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NIAID Grantees Study How Bacteria Communicate and Compete

Scientists at the University of California, Santa Barbara recently studied a bacterial toxin delivery system used by different strains of bacteria to chemically communicate with one another and compete for the same ecological niche. The results of this NIAID-funded study were published in the journal Nature in November 2010.

The researchers had previously discovered a phenomenon known as contact-dependent growth inhibition (CDI) taking place in one strain of Escherichia coli, in which the growth of other E. coli strains was inhibited upon cell-to-cell contact. They further explored this inhibition in the new study and found CDI taking place in several species of bacteria.

In addition, the researchers found high variability in the genetic sequences that code for CDI. This implies that a variety of toxic activities can take place. For example, a comparison of the activities of those regions in E. coli, another type of bacteria called Burkholderia, and the plant pathogen Dickeya dadantii showed different mechanisms of growth inhibition. The investigators also found that bacteria without these coding regions were unable to compete with wild-type bacteria, both in the lab and in animals.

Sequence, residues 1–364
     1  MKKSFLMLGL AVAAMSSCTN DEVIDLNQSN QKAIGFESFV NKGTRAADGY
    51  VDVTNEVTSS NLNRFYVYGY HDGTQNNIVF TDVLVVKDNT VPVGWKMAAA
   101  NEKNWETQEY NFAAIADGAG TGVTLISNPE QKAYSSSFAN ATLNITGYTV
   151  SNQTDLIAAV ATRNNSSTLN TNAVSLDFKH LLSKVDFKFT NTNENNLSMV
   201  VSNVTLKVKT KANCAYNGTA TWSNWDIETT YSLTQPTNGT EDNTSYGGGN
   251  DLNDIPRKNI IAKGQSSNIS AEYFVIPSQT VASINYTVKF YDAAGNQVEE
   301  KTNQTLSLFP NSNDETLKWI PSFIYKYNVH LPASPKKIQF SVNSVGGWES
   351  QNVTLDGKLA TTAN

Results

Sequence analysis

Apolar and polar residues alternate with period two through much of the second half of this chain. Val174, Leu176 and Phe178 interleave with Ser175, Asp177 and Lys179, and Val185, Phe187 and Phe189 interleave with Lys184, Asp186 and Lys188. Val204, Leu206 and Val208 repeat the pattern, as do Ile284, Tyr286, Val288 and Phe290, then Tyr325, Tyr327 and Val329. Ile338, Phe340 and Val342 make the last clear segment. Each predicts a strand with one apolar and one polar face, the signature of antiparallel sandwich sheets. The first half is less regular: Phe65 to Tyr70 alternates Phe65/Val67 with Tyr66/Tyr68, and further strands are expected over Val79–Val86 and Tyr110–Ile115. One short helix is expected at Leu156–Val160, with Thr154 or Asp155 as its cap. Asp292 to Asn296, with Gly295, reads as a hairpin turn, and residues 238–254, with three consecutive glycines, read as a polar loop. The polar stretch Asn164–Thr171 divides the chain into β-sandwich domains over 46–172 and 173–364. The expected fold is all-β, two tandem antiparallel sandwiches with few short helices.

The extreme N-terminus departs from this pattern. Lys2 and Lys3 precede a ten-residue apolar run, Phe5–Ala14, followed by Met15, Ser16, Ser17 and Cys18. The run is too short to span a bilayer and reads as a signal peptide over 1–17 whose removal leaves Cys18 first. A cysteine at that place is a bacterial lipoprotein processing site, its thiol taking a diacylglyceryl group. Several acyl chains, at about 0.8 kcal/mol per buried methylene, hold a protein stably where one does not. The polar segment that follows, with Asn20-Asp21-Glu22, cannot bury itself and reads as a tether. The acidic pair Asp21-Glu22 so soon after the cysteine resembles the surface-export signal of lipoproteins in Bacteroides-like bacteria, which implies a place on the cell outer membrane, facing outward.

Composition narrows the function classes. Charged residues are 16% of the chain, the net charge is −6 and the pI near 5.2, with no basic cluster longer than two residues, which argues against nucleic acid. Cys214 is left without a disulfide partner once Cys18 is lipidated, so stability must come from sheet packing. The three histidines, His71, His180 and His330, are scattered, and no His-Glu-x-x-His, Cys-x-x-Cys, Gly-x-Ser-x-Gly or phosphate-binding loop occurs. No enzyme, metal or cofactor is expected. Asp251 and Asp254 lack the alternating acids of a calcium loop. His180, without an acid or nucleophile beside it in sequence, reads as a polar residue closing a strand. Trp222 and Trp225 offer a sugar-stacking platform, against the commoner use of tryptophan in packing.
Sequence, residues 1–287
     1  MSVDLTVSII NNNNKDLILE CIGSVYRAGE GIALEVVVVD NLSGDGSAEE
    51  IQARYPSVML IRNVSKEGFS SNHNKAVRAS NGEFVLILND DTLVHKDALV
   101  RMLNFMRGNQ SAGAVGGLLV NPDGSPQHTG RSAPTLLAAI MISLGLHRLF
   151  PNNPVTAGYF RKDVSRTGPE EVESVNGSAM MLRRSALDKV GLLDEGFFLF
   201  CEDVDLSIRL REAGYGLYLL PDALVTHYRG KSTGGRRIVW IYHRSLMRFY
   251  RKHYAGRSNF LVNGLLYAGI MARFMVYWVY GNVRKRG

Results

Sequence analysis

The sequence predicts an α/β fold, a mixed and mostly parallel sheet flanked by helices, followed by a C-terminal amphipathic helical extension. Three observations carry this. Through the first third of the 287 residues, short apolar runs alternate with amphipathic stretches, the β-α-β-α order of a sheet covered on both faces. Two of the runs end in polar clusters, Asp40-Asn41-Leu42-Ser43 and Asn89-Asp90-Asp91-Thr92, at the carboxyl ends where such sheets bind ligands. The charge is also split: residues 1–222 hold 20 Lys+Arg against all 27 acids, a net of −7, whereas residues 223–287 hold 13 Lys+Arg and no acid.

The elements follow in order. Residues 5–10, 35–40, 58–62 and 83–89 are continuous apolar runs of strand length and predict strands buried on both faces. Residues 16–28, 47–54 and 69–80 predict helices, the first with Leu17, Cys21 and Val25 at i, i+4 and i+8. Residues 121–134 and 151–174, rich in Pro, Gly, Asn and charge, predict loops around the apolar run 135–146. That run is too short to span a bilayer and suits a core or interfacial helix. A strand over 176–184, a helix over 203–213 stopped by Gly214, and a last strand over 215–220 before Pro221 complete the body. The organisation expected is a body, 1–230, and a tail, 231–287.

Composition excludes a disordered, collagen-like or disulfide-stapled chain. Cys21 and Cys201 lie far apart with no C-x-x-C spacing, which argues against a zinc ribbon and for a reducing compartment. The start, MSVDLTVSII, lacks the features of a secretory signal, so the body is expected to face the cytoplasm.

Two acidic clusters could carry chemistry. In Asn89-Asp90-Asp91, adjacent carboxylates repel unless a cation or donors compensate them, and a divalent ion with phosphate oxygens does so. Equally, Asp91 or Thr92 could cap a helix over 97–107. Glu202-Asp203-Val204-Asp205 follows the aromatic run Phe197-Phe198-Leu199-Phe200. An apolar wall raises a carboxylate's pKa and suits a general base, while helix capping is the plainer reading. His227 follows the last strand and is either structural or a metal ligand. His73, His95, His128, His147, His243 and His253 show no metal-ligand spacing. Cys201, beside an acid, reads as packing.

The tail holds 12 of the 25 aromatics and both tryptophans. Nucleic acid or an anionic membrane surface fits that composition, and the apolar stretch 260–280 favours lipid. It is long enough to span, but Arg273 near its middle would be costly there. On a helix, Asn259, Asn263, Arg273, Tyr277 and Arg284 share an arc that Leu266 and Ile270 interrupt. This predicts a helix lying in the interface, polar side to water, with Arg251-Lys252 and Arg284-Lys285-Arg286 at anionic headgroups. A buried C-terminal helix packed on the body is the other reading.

“Sometimes, there are multiple strains of a single species of bacteria in a small ecological area,” explained Rona Hirschberg, Ph.D., chief of NIAID’s Regional Centers, Translational Research, and Biodefense Training Section. “In this competition between bacterial ‘first cousins,’ some strains may be more pathogenic to humans than others, and the outcome of that competition may have implications for human disease.”

In future studies, the researchers plan to further investigate how CDI works at the molecular level. They will also examine broader issues relating to its significance and implications.

Reference: Aoki SK, Diner EJ, de Roodenbeke Ct’K, Burgess BR, Poole SJ, Braaten BA, Jones AM, Webb JS, Hayes CS, Cotter PA, Low DA. (2010). A widespread family of polymorphic contact-dependent toxin delivery systems in bacteria. Nature. 468(7322): 439-442. DOI: 10.1038/nature09490.

Last Updated December 06, 2010

Last Reviewed December 06, 2010